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Evil Zinger 11: Polyominous (just one cell)

In this Polyominous puzzle, while multiple solutions for the whole grid exist, there is one empty cell (and only one) which can be solved with absolute certainty. Identify this one cell and the number that belongs there.
I'll let this Evil Zinger (EZ) speak for itself.

7 comments

motris said...

This one is evil! Very nice.

Blaine said...

Another fun thing to figure out is the actual number of solutions that exist.

Jonah said...

I believe it's equal to the number of home runs that Roger Connor hit throughout his career. Anybody getting a different answer?

Bryce said...

I'm getting Nick Swisher.

Jonah said...

Ah, me too. Silly arithmetic.

Unknown said...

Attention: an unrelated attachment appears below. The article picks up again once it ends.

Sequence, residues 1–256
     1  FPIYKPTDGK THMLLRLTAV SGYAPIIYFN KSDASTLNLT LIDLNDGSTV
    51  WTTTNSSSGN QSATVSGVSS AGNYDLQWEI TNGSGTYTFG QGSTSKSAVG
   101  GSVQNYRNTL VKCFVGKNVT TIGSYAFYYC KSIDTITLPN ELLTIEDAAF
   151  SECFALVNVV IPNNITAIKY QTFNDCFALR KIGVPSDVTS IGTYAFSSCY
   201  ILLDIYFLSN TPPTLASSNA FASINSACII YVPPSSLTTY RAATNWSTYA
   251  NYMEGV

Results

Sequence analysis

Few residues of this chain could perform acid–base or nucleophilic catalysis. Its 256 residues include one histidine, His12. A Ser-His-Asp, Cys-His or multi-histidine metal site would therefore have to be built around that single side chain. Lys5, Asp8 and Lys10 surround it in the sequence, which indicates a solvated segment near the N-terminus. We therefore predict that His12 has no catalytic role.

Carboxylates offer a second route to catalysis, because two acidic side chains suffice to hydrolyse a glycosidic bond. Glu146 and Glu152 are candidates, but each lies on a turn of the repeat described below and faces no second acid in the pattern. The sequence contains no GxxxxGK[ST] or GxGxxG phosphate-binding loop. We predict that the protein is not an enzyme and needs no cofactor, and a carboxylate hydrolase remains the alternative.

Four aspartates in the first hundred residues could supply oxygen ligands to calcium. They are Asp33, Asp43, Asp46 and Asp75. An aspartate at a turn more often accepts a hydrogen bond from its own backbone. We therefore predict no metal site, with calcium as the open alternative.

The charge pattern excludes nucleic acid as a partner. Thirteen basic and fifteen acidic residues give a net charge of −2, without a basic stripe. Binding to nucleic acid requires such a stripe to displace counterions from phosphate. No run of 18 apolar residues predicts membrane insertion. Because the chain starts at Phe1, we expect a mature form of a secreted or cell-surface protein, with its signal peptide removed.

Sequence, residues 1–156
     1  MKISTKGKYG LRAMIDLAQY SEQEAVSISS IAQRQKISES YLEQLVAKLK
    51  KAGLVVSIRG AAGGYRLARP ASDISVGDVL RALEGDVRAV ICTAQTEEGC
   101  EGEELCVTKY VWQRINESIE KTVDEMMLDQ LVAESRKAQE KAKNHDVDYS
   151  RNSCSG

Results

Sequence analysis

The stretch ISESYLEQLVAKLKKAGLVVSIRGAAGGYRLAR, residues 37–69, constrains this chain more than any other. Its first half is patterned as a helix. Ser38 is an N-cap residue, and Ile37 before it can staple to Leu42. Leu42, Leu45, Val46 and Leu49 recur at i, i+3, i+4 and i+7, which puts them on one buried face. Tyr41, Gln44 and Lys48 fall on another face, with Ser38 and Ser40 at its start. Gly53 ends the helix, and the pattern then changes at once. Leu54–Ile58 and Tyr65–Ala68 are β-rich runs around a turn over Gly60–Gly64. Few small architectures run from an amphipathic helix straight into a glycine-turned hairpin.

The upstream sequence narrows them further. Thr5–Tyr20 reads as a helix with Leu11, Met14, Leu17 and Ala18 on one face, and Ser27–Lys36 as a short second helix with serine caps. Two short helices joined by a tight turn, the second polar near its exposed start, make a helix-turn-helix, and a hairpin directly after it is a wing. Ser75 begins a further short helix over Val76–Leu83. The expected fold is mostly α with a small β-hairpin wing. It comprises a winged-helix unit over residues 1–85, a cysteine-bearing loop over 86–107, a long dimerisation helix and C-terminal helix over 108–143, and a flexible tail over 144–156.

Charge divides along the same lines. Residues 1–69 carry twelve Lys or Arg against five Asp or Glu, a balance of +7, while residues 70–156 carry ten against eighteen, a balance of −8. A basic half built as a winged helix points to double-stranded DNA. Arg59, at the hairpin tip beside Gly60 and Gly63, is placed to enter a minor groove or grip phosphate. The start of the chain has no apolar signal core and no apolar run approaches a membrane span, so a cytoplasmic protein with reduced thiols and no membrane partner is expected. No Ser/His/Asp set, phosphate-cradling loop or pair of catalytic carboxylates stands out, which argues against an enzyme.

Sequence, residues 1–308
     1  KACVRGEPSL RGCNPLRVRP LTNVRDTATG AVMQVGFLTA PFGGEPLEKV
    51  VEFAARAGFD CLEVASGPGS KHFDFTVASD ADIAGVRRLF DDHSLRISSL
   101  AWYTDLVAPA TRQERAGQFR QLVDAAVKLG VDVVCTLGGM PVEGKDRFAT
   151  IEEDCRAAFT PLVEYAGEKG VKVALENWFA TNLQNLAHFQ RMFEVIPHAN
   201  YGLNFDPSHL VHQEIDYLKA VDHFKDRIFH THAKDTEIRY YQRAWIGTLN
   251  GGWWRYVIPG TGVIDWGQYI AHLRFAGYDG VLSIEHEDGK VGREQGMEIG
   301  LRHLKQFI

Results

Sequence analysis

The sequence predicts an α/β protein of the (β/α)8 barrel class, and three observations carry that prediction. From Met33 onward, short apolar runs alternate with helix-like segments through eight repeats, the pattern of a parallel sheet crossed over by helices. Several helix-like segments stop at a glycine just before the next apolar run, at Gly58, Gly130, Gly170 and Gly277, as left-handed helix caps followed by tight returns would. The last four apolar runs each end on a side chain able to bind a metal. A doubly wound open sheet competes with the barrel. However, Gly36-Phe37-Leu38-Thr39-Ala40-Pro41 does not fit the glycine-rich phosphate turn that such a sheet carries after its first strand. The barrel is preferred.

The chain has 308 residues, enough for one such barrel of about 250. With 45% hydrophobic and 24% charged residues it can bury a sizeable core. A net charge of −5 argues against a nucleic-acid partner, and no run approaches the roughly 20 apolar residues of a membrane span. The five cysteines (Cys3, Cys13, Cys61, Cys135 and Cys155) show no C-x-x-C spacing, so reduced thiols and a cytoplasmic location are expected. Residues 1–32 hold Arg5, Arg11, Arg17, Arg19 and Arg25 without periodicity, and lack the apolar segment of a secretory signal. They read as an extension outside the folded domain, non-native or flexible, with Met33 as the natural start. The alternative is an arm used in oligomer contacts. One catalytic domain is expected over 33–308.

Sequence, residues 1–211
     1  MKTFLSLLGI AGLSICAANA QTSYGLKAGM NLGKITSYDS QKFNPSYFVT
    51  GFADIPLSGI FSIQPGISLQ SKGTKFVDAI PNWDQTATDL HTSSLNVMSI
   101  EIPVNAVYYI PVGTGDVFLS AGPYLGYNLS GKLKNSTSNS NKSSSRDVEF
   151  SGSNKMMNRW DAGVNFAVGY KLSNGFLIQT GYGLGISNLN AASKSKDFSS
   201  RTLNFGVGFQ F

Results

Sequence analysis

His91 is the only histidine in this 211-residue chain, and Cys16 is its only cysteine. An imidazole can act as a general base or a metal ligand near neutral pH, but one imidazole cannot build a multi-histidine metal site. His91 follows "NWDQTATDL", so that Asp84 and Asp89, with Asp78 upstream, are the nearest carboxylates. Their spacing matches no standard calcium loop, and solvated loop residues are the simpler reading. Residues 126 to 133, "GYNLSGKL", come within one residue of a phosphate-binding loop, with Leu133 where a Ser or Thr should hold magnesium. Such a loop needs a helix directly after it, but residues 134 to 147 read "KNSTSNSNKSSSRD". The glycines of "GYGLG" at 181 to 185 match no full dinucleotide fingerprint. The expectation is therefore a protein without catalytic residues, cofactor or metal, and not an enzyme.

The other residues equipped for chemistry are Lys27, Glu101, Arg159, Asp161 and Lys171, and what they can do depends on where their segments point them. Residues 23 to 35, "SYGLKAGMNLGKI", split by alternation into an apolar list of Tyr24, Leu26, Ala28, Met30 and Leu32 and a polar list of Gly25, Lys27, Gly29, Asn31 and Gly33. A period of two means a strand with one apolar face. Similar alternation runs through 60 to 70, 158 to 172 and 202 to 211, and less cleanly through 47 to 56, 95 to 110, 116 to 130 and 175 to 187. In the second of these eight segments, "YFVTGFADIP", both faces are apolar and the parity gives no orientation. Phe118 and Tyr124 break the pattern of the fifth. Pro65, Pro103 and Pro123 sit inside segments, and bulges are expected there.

3 years after Jonah and Bryce's comments, I am looking at the baseball stat for Nick Swisher and going..."The number of possible variations is not anywhere near 224". Of course, he is still playing in 2013 and his career home run is much higher. But after some research I verified that at 4:43Pm, May 26, 2010, Nick Swisher had 140 home runs, which is the answer I get to the question Blaine posed. Less than an hour later, He hit his 141st, in the top of the 9th to win the game for the Yankees.

The perils of doing old puzzles. :)

Unknown said...

3 years after Jonah and Bryce's comments, I am looking at the baseball stat for Nick Swisher and going..."The number of possible variations is not anywhere near 224". Of course, he is still playing in 2013 and his career home run is much higher. But after some research I verified that at 4:43Pm, May 26, 2010, Nick Swisher had 140 home runs, which is the answer I get to the question Blaine posed. Less than an hour later, He hit his 141st, in the top of the 9th to win the game for the Yankees.

The perils of doing old puzzles. :)

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